Rich seem to be a general word. Maybe you rich by money but you poor by children. If you have a lot of friends, you are rich with friend. You have a lot of knowledge, you rich with your knowledge. So, it is not mean that you only rich when you have a lot of money.

  2. David Sneen says:

    For many, if not most Americans; the first thing they think about when hearing the word “rich” is winning the lottery. From a mathematical point of view, it makes a terrible investment—actually a non-investment.

    We must realize that there is an untapped resource inside of us that can help us achieve our financial dreams. There were more opportunities 20 or 30 years ago. But, that does not mean there are not opportunities now. The cream will always rise to the top.

  3. John says:

    I love seeing “poor” people with greater net worths than people driving around in BMWs. Every time I see someone with a nice car, I automatically assume they are poor. It’s a total shift in mindset.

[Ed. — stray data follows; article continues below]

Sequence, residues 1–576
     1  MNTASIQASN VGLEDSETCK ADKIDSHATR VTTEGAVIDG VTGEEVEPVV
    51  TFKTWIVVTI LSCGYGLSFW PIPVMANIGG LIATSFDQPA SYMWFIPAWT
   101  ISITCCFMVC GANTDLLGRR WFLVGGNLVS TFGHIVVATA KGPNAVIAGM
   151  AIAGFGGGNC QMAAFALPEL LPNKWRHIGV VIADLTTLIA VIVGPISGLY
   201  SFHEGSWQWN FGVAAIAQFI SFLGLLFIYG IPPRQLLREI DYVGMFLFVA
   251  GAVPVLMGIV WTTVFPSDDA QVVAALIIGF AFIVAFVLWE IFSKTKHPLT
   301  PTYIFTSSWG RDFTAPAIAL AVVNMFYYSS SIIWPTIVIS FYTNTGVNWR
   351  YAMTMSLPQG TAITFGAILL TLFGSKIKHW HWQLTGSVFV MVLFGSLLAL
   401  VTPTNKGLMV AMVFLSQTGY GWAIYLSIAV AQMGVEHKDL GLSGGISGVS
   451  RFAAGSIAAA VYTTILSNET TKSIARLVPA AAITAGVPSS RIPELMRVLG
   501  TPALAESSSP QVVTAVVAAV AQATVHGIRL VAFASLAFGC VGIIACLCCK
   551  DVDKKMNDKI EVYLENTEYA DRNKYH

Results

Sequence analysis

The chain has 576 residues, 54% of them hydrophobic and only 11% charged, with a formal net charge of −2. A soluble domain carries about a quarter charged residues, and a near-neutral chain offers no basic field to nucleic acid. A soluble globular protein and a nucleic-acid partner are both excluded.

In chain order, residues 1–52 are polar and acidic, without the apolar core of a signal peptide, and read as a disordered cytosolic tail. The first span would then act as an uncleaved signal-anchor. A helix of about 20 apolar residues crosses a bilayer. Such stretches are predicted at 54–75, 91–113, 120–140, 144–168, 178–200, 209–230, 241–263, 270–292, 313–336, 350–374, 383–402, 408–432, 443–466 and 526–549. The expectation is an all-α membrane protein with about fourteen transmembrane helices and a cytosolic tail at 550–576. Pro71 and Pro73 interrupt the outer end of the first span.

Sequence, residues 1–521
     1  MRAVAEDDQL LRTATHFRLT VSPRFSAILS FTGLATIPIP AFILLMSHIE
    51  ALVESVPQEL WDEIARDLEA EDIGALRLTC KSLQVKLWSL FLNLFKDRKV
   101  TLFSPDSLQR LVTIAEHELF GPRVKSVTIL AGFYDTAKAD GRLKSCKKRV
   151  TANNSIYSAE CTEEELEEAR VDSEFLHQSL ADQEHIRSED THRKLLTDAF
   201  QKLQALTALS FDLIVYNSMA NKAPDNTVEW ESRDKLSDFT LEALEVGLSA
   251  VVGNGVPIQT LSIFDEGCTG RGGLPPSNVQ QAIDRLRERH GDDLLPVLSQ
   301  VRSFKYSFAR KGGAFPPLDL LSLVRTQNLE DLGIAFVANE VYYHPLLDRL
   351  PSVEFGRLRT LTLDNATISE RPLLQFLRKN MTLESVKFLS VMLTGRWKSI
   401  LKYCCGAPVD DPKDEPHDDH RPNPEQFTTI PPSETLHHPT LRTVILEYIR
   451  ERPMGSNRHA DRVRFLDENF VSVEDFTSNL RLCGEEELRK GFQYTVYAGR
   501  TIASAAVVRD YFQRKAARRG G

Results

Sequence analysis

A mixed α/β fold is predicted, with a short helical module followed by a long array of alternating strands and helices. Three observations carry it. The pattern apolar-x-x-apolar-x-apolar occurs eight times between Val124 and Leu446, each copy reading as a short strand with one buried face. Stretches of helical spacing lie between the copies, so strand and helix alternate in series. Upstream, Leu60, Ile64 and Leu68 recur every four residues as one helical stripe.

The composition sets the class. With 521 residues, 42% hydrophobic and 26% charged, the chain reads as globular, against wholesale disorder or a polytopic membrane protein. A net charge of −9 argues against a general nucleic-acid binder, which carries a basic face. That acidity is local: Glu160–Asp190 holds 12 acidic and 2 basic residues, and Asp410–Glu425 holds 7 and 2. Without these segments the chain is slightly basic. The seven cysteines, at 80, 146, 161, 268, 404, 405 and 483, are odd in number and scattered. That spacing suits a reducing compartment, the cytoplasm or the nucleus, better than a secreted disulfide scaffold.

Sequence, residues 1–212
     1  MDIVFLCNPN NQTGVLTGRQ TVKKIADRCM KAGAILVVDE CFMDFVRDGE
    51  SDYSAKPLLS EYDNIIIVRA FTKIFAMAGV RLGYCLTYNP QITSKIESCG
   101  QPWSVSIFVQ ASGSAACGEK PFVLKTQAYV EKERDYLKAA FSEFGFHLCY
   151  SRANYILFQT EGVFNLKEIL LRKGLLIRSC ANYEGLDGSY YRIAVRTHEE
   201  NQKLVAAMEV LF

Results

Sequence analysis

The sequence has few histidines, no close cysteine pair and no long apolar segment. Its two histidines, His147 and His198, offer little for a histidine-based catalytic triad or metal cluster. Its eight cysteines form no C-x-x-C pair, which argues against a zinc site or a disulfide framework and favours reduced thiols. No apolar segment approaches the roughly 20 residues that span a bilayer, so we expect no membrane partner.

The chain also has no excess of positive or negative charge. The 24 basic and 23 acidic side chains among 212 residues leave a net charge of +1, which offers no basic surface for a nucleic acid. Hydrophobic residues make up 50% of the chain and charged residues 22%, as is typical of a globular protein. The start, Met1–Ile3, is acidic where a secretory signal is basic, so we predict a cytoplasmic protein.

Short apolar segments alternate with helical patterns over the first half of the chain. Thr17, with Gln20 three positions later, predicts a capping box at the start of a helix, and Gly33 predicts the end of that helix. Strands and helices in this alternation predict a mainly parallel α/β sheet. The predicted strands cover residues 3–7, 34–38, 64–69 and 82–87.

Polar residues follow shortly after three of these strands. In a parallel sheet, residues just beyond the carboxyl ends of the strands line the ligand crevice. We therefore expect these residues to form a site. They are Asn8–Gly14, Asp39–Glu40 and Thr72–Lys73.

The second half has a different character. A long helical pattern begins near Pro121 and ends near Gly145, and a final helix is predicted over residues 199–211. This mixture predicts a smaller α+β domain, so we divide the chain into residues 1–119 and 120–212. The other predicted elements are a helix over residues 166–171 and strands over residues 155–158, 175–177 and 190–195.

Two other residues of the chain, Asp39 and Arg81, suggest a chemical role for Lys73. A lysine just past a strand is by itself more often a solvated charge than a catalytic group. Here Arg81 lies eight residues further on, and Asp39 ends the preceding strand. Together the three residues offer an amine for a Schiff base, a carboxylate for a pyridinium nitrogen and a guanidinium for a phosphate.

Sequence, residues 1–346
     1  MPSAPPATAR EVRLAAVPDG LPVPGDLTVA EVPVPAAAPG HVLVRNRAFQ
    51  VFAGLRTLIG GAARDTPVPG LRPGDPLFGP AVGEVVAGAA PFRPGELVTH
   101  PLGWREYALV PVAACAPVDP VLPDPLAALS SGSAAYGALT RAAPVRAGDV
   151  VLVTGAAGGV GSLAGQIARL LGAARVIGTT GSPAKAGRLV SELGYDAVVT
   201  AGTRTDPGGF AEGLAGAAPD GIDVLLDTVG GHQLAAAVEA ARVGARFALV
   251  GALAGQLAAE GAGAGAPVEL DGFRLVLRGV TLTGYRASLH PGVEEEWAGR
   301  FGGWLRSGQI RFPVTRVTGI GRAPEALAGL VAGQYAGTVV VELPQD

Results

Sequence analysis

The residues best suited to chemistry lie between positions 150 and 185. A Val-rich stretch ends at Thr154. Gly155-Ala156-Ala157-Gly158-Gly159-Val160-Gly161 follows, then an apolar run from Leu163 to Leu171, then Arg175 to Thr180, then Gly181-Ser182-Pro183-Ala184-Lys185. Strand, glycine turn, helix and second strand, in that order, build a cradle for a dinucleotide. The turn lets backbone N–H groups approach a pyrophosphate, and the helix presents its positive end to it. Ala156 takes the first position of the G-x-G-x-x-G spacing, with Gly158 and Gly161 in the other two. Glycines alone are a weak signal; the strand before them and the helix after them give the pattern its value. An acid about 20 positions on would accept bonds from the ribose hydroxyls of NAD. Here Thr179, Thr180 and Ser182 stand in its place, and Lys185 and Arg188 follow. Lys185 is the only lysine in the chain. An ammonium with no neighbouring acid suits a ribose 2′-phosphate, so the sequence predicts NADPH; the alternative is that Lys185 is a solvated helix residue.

4. Miranda says:

    You make a good point, Wayne. Sometimes, it becomes a status symbol, more than an issue of wealth. And, of course, if you compare yourself to others, there’s almost always someone “richer” than you.

  5. Wayne says:

    I have often wondered if the rich even feel rich. It seems that someone always has more money and if you get one million, will it be enough? If you had two million would you want three? Perhaps rich is more dependant on perception than wealth.

  6. Jenna says:

    I think the location one is key, plus reminding yourself of all the good stuff you have regardless of money. Family, friends, health, career, etc.

  7. Kris says:

    Other than the numbers, what would make me rich is freedom of choice. Freedom to buy the car I want, the house I want, the toys I want, the vacations I want, give to the charities I want. That’s what makes me envious of the rich.

  8. Joe says:

    Never underestimate the drag that debt creates on one’s cash flow (and therefore long term wealth). Paying interest is a wealth-killer. Except for a mortgage or investment loan (which increase your leverage and therefore risk), you have to pay interest with AFTER-TAX DOLLARS. Fighting compound interest is fighting what Einstein called (in jest) the most powerful force in the world. Instead, capitalize on compound interest and save early.